JUNEAU — A state judge has ordered 2010 U.S. Senate candidate Joe Miller to pay more than $85,000 in legal costs to the Alaska Dispatch after the publication sued to obtain records from his time as a government attorney.
Judge Stephanie Joannides said the online publication, as the prevailing party, was entitled to 20 percent of its total fees but said that fee schedule can be changed for “vexatious or bad faith conduct.” She said it also can be varied for the relationship between the amount of work performed and significance of the matters at stake.
Joannides found Miller’s conduct in the case, including “taking inconsistent positions, failing to disclose information during discovery, being unavailable for his deposition, and his procedural filings which the record did not support,” caused unnecessary delays and costs for both the Dispatch and the Fairbanks North Star Borough.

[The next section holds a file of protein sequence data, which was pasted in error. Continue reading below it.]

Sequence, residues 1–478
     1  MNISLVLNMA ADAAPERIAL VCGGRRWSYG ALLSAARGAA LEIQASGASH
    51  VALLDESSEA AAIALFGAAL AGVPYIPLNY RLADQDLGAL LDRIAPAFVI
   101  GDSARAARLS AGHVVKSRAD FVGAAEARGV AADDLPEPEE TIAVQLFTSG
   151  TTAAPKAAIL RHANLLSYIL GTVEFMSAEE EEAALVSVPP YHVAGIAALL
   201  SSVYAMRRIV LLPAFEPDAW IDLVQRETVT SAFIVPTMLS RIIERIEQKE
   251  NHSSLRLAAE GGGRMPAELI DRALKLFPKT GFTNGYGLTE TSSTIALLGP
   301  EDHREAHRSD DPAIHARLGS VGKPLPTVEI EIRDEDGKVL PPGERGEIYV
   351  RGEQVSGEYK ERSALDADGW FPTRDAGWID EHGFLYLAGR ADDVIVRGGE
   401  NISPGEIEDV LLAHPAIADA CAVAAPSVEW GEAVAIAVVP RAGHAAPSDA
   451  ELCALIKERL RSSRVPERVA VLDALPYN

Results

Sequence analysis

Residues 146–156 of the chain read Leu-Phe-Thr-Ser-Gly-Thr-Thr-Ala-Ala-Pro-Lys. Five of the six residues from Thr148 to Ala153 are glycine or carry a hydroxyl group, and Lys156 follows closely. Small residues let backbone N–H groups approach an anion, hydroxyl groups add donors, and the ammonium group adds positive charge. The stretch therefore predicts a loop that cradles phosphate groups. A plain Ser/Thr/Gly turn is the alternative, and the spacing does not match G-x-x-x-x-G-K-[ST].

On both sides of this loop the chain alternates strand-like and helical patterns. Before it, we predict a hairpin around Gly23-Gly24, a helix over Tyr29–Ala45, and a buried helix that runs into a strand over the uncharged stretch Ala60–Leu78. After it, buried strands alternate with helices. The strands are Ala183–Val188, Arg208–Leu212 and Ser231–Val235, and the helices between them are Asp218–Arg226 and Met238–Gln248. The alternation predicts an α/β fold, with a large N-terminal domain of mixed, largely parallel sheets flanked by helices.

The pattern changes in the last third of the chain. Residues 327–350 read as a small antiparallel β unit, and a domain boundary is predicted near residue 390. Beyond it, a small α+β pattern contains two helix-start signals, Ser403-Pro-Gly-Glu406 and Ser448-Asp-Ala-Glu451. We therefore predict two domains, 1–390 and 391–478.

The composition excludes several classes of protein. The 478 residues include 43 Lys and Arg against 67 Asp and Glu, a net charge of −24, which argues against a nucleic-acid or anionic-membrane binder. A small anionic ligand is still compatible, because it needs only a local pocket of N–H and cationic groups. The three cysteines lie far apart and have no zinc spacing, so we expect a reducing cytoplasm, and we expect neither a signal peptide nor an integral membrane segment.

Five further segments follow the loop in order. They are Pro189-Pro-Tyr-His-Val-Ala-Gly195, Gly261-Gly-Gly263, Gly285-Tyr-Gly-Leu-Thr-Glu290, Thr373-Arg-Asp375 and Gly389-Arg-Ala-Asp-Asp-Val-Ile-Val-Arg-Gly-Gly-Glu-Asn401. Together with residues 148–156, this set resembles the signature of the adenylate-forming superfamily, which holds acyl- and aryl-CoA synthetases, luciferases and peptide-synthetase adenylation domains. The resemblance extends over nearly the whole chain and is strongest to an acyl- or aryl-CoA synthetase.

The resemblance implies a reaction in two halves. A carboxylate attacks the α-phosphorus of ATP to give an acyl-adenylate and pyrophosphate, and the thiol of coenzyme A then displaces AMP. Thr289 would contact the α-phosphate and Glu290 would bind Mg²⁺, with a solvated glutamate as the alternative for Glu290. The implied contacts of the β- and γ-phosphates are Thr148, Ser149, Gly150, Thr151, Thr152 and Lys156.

In the decision last week, she also found there were significant matters at stake in this case, with the records coming to light near the end of the heated 2010 U.S. Senate race.
“The Dispatch’s fees, as compared to the import and significance of the public’s right to make informed decisions concerning electoral candidates, are reasonable,” she wrote.
The Dispatch said it incurred $112,375 in legal fees and about $2,300 in costs. Joannides ordered Miller to pay 75 percent of the Dispatch’s fees, and the borough to pay 10 percent, just over $11,000. The borough and Miller also were to each pay half of the $2,300 in costs.
Miller was a part-time attorney for the borough for seven years. In 2008, he was disciplined for using work computers for political purposes. That came out after the Dispatch and other news organizations successfully sued for the release of his personnel file from his time with the borough.
Miller accused the borough of improperly leaking information, which the borough denied. Last year, Miller accepted a $5,000 offer from the borough to end the case.
A Miller spokesman on Monday said Miller was reviewing the decision. Miller could appeal.
Miller has said he is considering a run for U.S. Senate next year.